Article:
Second Grade Students’ Perspectives of Their Classrooms’ Physical Learning Environment: A Multiple Case Study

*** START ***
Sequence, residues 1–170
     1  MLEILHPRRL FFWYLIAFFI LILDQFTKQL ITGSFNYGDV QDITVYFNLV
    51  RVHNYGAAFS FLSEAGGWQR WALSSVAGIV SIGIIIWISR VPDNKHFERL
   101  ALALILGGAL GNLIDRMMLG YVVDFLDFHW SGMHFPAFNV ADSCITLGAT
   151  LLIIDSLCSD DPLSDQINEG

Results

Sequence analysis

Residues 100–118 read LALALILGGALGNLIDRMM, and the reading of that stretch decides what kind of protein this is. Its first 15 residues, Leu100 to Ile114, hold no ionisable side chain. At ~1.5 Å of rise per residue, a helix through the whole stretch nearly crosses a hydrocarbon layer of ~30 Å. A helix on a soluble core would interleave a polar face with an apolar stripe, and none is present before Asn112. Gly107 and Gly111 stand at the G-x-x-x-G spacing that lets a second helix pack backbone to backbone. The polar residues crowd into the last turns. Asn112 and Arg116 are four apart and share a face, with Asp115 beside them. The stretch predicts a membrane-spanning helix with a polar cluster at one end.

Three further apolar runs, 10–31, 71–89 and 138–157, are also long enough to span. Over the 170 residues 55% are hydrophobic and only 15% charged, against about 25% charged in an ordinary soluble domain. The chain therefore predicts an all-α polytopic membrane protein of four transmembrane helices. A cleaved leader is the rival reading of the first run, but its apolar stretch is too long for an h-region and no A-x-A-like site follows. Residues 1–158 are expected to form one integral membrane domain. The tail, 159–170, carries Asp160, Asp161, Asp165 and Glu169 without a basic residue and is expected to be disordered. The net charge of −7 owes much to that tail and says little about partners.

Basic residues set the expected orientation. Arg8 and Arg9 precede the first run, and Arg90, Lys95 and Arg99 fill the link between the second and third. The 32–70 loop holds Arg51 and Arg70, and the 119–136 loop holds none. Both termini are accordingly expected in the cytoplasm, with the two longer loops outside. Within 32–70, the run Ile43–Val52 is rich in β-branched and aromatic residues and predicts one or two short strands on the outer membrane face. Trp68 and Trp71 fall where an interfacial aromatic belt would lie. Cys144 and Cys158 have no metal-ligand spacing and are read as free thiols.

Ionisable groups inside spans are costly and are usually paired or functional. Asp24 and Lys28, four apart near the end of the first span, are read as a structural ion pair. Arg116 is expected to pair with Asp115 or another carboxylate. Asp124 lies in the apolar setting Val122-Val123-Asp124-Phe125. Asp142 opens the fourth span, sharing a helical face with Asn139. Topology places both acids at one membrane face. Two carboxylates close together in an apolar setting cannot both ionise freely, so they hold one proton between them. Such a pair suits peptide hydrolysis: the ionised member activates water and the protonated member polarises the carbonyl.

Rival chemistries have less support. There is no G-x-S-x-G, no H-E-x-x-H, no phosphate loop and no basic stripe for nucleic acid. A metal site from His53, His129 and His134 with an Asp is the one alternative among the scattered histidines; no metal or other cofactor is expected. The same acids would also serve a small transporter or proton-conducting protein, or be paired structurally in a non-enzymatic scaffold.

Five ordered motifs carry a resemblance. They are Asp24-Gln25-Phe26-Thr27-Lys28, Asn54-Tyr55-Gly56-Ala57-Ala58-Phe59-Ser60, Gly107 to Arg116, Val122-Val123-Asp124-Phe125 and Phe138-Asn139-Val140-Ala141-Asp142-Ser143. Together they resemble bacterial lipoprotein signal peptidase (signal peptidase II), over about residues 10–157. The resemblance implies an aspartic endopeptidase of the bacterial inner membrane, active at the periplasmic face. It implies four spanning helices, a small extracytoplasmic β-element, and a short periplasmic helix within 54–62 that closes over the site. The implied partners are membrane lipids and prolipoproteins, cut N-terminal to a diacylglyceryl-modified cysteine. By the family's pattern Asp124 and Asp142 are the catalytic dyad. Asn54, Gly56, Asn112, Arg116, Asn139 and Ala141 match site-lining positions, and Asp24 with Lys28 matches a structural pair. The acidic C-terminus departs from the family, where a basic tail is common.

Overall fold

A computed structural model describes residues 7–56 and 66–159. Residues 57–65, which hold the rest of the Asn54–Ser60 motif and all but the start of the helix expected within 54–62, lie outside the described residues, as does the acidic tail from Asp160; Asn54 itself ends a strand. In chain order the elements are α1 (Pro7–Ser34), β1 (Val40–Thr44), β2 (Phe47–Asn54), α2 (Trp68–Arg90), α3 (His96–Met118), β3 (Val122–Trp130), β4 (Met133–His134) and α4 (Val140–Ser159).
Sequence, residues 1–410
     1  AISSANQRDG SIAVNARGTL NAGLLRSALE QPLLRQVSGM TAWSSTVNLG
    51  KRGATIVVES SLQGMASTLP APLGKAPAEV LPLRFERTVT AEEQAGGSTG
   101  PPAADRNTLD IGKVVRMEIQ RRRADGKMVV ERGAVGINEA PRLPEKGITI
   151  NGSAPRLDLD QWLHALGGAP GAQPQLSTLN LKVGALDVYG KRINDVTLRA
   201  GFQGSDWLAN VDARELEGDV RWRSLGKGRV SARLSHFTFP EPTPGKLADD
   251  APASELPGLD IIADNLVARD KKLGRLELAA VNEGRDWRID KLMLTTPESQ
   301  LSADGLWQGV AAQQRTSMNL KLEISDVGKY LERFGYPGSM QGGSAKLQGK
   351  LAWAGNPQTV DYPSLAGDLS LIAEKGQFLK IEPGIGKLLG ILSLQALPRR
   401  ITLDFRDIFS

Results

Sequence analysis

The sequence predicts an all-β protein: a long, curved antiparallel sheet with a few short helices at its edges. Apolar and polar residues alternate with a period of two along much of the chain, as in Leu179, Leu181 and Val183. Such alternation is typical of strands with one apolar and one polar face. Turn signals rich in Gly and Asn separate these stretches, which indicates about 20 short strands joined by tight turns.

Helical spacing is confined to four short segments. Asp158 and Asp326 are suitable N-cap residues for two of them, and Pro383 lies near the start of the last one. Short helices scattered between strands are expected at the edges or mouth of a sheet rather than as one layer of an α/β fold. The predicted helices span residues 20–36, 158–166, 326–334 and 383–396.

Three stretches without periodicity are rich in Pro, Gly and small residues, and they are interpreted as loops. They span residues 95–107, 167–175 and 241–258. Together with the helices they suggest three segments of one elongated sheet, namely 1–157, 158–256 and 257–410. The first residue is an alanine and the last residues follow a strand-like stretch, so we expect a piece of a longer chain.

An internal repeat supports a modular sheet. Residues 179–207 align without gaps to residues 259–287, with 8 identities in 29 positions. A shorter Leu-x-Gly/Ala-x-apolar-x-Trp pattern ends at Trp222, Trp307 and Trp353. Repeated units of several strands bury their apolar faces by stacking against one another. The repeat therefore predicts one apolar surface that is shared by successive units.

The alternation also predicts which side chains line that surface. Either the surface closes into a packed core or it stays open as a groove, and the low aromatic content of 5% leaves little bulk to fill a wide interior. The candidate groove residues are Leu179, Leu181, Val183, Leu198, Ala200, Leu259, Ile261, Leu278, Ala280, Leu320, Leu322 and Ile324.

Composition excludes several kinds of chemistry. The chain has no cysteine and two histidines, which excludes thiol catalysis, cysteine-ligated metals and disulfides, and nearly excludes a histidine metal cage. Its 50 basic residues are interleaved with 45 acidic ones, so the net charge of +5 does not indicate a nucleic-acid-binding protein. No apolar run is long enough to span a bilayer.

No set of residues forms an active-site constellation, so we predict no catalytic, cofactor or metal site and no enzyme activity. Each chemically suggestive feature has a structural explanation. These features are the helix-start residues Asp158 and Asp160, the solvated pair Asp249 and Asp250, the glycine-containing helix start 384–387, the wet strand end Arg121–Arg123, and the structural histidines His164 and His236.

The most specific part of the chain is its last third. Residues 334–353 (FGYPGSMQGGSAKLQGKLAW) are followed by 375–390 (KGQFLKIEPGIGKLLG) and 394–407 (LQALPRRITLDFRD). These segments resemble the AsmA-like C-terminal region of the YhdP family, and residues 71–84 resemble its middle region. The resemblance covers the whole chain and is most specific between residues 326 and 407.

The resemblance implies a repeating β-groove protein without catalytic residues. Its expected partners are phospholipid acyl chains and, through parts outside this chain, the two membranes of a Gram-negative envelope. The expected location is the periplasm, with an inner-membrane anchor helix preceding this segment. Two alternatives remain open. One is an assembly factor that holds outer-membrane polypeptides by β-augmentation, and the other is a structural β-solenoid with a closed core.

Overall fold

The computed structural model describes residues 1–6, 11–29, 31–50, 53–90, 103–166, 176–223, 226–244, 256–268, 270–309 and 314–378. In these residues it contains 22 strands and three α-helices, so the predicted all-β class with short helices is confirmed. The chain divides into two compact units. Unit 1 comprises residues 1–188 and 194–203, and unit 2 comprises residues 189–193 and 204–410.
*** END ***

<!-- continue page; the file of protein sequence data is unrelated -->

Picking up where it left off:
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The study employed a qualitative multiple case study approach to investigate second-grade students’ perceptions of their classrooms’ physical learning environment. Data were collected through interviews, participant-generated photographs, and observations. Participants in the study were 16 students in four classrooms in three school districts. A physical learning environment tool, Assessing the Pillars of the Physical Environment for Academic Learning (APPEAL), developed by Evanshen and Faulk and published in 2019, was used to select classrooms to participate in the study. According to the scale, the top-scoring classrooms were more learner-centered (more constructivist) than the lowest-scoring (more traditional) classrooms. Generally, participants believed that classroom physical learning environments that were best for them were meaningful, offered easy access to resources and materials, and provided active learning and social engagement opportunities. Both physical and emotional comfort were important to participants. There were more similarities than differences between the participants’ perceptions in the classrooms that scored highest on the APPEAL and the classes that scored lowest. The findings suggested that young children’s perceptions of the environment can be influenced by their experiences or contexts and their differences. The results encourage teachers of young children to think about their students as actively affected by their environment and challenge them to design classroom physical learning environments that support the diverse needs of students within these spaces.